What is “good fruit,” anyway?

We often think of fruit as our good deeds that accompany our words, or perhaps we think of it as “the fruit of the spirit” (as in love, joy, peace, patience, etc., from Galatians 5:22).

But if you are discerning pastors, teachers, authors or leaders, what if they appear to have these good fruits of the Spirit and more? What if they are kind and gentle, and appear holy and pepper their messages with scripture verses? What if they are known for running a homeless shelter or giving to a charity that feeds the hungry in Africa?

Consider that false teachers and prophets do all of the above and more, which makes them particularly dangerous and so convincing to the ears of the sheep. What do we make of their credentials?  

Jesus calls them “sheep’s clothing,” and that we must not discern simply by outward appearances. No, Jesus said that false prophets can be detected by their fruits. Simply judging by external forms is risky; judging (if you prefer, discerning) on the basis of fruits is absolutely necessary and part of our responsibility. as Bible.org puts it,  ‘The proof of the root is in the fruit.’ Good trees produce good fruit, and rotten trees, bad fruit. A dependable assessment of those who would be guides is that of their fruits (Matthew7:20):

But, what are these fruits? One must be very careful here, for false prophets are not without religious activities. A false prophet is often accompanied by deceptive signs and by seeming wonders. Some of these are suggested in Matthew 7:22: “Many will say to Me on that day, ‘Lord, Lord, did we not prophecy in Your name, and in your name cast out demons, and in Your name perform many miracles?”’

We should expect false prophets to engage in acts of kindness and charity. We should expect them to perform deeds which suggest miraculous power. And we should expect that these deeds be performed under the pretext of being done by God’s power and to His glory.

  • “For such men are false apostles, deceitful workers, disguising themselves as apostles of Christ. And no wonder, for even Satan disguises himself as an angel of light. Therefore it is not surprising if his servants also disguise themselves as servants of righteousness; whose end shall be according to their deeds” (2 Corinthians 11:13-15).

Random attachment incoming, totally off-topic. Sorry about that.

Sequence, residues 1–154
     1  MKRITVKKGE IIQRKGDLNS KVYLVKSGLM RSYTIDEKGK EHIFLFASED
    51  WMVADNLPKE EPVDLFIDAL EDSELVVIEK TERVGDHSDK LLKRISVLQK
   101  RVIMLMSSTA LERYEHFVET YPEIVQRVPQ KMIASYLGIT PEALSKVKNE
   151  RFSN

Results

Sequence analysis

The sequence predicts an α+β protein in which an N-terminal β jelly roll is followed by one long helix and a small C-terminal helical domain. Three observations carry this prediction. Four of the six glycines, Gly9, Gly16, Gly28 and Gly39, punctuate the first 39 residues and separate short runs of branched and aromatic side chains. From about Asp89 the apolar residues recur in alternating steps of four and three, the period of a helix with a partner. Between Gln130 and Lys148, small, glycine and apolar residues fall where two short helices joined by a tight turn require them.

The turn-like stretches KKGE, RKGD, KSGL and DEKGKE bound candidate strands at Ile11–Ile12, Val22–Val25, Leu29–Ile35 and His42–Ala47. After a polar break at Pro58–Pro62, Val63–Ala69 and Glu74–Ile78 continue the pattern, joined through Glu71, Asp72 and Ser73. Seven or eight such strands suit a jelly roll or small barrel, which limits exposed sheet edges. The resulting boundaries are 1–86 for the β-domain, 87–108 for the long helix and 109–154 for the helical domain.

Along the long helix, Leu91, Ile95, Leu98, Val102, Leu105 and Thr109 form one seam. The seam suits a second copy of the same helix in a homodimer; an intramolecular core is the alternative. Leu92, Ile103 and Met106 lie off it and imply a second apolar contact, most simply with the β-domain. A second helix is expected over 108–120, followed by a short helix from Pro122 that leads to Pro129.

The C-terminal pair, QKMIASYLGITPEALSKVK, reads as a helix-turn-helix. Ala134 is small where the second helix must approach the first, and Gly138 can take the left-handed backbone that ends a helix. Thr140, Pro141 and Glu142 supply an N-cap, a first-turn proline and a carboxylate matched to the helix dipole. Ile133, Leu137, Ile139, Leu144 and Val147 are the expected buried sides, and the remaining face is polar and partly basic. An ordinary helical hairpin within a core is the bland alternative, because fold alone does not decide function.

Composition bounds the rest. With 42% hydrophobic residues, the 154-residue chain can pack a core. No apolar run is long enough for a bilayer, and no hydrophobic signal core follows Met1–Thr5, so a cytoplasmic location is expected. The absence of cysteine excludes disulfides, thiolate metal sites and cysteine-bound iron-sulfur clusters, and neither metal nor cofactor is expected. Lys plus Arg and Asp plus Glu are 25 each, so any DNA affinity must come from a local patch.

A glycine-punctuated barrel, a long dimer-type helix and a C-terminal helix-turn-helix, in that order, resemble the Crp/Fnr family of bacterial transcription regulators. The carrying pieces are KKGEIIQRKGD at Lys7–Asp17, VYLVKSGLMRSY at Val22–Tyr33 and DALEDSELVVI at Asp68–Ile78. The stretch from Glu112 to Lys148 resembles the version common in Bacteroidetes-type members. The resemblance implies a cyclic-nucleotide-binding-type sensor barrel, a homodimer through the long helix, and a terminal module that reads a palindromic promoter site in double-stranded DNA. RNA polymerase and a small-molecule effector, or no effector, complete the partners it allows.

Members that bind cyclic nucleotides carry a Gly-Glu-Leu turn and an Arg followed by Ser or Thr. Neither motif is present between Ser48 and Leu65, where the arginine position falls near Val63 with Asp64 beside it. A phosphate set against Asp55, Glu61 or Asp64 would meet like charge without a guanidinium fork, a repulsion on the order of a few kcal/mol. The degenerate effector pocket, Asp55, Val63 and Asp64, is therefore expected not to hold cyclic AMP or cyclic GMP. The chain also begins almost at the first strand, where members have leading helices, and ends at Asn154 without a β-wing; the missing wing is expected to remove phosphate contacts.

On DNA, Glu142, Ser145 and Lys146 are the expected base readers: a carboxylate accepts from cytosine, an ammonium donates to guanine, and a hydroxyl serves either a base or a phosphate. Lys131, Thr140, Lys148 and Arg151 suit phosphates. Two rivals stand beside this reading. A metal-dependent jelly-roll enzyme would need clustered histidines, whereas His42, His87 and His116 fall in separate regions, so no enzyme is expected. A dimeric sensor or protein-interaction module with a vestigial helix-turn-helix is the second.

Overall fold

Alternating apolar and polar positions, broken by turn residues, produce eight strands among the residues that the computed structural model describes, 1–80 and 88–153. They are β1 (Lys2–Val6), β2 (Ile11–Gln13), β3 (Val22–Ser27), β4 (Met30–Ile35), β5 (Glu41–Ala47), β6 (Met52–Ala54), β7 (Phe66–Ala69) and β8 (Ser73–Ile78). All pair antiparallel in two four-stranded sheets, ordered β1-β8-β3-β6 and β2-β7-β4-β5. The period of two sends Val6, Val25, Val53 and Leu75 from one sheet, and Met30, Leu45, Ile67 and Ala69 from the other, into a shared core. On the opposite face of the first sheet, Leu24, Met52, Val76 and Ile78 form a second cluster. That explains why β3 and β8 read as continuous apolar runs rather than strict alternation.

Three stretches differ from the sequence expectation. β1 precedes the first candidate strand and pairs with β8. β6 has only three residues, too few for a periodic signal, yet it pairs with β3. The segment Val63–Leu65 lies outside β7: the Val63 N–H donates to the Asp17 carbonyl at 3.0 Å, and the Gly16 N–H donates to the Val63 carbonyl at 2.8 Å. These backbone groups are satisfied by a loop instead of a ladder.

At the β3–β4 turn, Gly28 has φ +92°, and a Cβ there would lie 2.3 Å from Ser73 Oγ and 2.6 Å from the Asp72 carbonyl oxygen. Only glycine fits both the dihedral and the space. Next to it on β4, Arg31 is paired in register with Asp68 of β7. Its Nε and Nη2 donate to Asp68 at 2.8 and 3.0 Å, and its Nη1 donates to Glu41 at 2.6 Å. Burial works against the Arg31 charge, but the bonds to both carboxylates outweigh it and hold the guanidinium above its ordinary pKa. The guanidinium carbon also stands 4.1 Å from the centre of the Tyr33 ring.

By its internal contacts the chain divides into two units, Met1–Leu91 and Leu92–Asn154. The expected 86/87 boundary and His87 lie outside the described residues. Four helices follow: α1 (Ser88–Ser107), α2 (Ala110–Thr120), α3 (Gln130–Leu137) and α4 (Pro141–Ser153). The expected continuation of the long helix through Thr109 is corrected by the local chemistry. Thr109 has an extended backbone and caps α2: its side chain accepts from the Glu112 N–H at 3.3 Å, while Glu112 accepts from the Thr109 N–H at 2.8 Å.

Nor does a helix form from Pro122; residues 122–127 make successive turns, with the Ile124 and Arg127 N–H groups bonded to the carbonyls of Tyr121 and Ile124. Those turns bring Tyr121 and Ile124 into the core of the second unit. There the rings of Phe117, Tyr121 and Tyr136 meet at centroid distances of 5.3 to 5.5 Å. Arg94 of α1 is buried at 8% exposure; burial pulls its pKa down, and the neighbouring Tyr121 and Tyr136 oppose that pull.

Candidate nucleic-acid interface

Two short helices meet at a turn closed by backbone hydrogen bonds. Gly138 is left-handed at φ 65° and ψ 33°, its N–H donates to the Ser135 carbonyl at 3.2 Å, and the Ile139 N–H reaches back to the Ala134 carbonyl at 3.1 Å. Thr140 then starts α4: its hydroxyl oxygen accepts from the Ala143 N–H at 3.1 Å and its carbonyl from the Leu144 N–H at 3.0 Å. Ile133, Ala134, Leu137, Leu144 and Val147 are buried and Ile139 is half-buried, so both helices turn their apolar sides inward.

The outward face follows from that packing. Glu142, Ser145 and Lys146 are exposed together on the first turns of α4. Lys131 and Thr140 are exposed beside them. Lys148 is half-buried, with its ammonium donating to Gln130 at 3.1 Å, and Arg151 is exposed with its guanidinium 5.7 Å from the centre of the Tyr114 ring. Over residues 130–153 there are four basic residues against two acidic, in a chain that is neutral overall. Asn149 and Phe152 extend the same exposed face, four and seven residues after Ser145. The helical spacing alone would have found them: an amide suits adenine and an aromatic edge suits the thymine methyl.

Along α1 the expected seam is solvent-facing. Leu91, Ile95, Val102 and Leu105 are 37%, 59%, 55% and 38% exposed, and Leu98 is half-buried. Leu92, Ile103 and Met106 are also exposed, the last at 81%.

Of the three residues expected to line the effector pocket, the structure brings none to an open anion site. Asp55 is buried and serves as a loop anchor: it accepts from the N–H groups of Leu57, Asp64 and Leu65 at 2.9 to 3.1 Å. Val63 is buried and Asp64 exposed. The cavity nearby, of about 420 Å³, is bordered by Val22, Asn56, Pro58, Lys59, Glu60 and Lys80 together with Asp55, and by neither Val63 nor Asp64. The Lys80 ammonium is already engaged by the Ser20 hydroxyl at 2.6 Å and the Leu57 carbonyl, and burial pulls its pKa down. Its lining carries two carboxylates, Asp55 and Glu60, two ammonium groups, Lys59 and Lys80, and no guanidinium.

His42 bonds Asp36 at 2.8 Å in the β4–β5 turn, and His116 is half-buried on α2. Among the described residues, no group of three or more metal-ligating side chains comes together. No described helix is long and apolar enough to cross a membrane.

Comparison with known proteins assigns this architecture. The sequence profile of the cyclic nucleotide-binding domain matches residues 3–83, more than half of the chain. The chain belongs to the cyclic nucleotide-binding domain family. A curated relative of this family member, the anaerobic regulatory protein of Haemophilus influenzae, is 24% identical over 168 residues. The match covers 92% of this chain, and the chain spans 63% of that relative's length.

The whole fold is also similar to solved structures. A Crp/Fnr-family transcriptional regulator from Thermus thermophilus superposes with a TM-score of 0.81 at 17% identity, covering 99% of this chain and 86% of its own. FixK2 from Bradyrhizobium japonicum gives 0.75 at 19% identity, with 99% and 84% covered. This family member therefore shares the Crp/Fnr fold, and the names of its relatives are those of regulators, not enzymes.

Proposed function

Common culinary fruits.

That means that we ought to expect false prophets to be accompanied by religious works, often unusual and spectacular, done ostensibly in the name of God. Satan willingly gives the glory to God in such cases, so long as ultimately he is able to deceive people and cause them to their allegiance and obedience him.

But are these religious activities the fruits of which the Master spoke? If not, what are they? The Scriptures frequently describe the fruits of the false prophets, so that we are left with little doubt as to what we should look for. I believe we can see the fruits of the false prophets falling into three categories.

(1) The first category of the fruits of the false prophet is their doctrine. False prophets speak from their own delusion, not by divine command (Jeremiah 23:16,21,25; Ezekiel 13:2). They do not proclaim or defend God’s word, but deny it (Jeremiah 23:17). In particular they deny unpleasant subjects such as impending judgment (Jeremiah 6:14; 28:17; Ezekiel 13:10). They offer temporary and partial relief to pressing problems (Jeremiah 8:11). Mainly, they tell people precisely what they want to hear (1 Kings 22:8, 13; 2 Timothy 4:3-4). Concerning the way of salvation they deny the deity of our Lord Jesus Christ and they reject the work of Christ on the cross (2 Peter 2:1; 1 John 4:2-3).

(2) The second category of the fruits of the false prophets is the effect of their teaching in the lives of men. Invariably it leads to a rejection of God’s word, a rejection of biblical authority, a division among the saints (Jeremiah 23:2,14) and a life of sensuality (2 Peter 2:2). They attempt to lead men away from the truth of the gospel (Acts 13:8), and to deceive genuine Christians with false doctrine (Mark 13:22). This is also evident from the pastoral epistles (1 and 2Timothy and Titus) where Paul speaks of the need of sound or healthy doctrine (1 Tim. 4:6; 2 Tim. 4:3; Tit. 1:9; 2:1).

(3) Finally, there is the fruit of the false teachers as evidenced in their own moral character. They are easily distinguished by their pride (2 Peter 2:10), their greed (Jeremiah 8:10; Titus 1:11; 2 Peter 2:3,14) and immorality (Jeremiah 23:11,14; 2 Peter 2:14). They are men dominated by the flesh (2 Peter 2:10,12; 3:3). They prey upon the weak and the guilt-ridden (2 Timothy 3:6-7; 2 Peter 2:14,13). While they profess to know God, by their deeds they deny Him (Matthew 7:22-23; 2 Timothy 3:5; Titus 1:16). While they delight in authority, they refuse to submit to it (2 Peter 2:10).